With inheritance, the smallest testable unit is larger than it is when composition is used and you increase code duplication in your tests at least. In this way, inheritance is similar to use of static methods – it removes the option to inject different behaviour when testing. The more code you try to reuse from the superclass/es, the more redundant test code you will typically get, and all that redundancy will slow you down when you modify the code in the future. Or, worse, it will make you not test your code at all because it’s such a pain.

There is an alternative model, where each of the beings above have-a BodyType and possibly also have-a Locomotion that knows how to move that body. Probably, each of the animals could be differently configured instances of the same Animal class.

public interface BodyType {}

public TwoArmsTwoLegs implements BodyType {}

public FourLegs implements BodyType {}

public interface Locomotion<B extends BodyType> {
  void walk(B body);

public class BipedWalk implements Locomotion<TwoArmsTwoLegs> {
  public void walk(TwoArmsTwoLegs body) {}

public class Slither implements Locomotion<NoLimbs> {
  public void walk(NoLimbs body) {}

public class Animal {
   BodyType body;
   Locomotion locomotion;

Animal human = new Animal(new TwoArmsTwoLegs(), new BipedWalk());

This way, you can very easily test the bodies, the locomotions, and the animals in isolation of each other. You may or may not want to do some automated functional testing of the way that you wired up your Human to ensure that it behaves like you want it to. I think composition is almost universally preferable to inheritance for code reuse – I’ve tried to think of cases where the only natural model is a hierarchical one and you can’t use composition instead, but it seems to be beyond me.

In addition to the arguments here, there’s the well-known fact that inheritance breaks encapsulation by exposing subclasses to implementation details in the superclass. This makes the use of subclassing as a means to integrate with a library a fragile solution, or at least one that limits the future evolution of the library.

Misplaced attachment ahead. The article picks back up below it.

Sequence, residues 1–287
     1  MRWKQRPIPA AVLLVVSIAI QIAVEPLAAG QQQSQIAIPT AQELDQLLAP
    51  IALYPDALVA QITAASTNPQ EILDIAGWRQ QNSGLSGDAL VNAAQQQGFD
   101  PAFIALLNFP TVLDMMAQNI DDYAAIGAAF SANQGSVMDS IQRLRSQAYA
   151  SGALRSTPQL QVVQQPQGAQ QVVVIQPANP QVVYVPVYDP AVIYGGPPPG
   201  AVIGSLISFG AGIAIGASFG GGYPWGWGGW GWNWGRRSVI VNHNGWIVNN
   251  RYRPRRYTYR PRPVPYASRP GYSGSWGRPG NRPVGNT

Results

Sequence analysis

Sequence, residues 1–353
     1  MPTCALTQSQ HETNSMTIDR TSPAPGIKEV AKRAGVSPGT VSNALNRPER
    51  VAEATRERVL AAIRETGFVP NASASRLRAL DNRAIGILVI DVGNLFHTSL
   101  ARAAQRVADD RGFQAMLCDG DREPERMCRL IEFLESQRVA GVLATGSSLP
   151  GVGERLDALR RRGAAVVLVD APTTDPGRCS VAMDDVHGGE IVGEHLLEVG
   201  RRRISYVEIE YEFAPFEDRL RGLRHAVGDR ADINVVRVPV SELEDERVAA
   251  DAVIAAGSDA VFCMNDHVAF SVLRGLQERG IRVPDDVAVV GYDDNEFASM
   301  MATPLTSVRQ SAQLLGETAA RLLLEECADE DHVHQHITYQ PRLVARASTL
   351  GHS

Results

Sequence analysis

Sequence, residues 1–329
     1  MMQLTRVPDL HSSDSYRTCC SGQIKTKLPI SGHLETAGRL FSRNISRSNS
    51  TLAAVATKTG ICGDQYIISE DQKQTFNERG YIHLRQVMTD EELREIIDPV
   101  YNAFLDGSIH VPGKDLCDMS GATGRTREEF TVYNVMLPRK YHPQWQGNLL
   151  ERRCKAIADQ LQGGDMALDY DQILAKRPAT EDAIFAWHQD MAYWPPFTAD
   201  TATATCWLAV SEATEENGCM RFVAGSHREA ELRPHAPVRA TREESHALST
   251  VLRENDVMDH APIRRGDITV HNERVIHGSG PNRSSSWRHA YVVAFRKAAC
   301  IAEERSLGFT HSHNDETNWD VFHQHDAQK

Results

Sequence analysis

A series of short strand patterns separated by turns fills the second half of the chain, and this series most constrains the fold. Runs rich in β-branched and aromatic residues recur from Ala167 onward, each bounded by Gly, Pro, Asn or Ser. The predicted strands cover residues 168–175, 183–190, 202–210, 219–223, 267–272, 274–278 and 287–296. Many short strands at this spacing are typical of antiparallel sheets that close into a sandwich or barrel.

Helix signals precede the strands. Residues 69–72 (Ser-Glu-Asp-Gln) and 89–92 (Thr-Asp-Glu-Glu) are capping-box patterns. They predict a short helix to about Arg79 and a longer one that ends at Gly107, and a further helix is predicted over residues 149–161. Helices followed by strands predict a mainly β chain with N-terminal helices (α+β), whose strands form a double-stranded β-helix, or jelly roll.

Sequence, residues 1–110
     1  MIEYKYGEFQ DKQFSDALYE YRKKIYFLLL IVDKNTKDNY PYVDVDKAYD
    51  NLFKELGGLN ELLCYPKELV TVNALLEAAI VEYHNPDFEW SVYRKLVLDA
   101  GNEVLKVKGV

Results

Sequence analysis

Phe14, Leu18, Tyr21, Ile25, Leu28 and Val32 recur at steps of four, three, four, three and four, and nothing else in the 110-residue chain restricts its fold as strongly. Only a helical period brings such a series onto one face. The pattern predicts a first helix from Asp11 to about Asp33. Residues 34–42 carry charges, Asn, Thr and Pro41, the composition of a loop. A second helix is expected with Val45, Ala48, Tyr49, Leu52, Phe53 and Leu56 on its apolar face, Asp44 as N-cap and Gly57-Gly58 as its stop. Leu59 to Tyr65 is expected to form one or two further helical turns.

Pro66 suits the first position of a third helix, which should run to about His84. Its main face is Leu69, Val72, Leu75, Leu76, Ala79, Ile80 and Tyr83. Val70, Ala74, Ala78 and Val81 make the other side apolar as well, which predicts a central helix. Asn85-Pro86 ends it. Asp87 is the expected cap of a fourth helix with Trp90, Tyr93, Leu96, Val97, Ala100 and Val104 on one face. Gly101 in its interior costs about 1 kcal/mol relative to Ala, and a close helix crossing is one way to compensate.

So, there it is – that summarises what I think are the differences between composition and inheritance, and why one should tend to prefer composition over inheritance. So, if you’re reading this because you googled me before an interview,  this is one answer you should get right!

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  1. #1 by Zbigniew Lukasiak on September 23, 2010 - 14:05

    I don’t have an interview with you – just googled for inheritance versus composition – but this is interesting. I’ve heard similar advice for a long time – but programmers still use inheritance very extensively, one explanation to that could be the mentioned compatibility with how our brain works, but I think it is also the dynamic process of development that is at play here. It is easier to get something working if you can take something similar and tweak it then when you are limited to building something new from ready made parts. As Agile arguments – this is also economic way to start with code working but possibly ugly structured and refactor it later.

  2. #2 by Smahlatz on July 27, 2012 - 13:19

    hmm – you say “One guy I interviewed the other day had a pretty good attempt at describing when one should choose one or the other: it depends on which is closest to the real world situation that you’re trying to model.”
    Then give an example which is not based on a real world situation, which you state yourself – “The root problem here is of course that the model is bad”.

    I generally agree with your view re Inheritance V Composition, but I think this particular example is a bad one,

    • #3 by Petter Måhlén on July 28, 2012 - 15:49

      It looks like maybe a part of your comment didn’t make it – the point of the example was to show how easy it is to incorrectly use a model with inheritance using a concept I think is universally known. If you have some more ideas about how the example could be improved or why it is bad, go ahead and post them!

  3. #4 by Manne Fagerlind on January 4, 2013 - 09:23

    Funny, I used this very example in a presentation the other day. I think it’s a good way to demonstrate that inheritance is over-used and composition is generally more useful.

    I’d say inheritance doesn’t really exist in the animal kingdom; it’s just a theoretical construct. We are what we are because of our constituent parts (molecules, cells, body parts), not because we have been categorized as mammals or primates. The same goes for most other concepts, especially physical objects.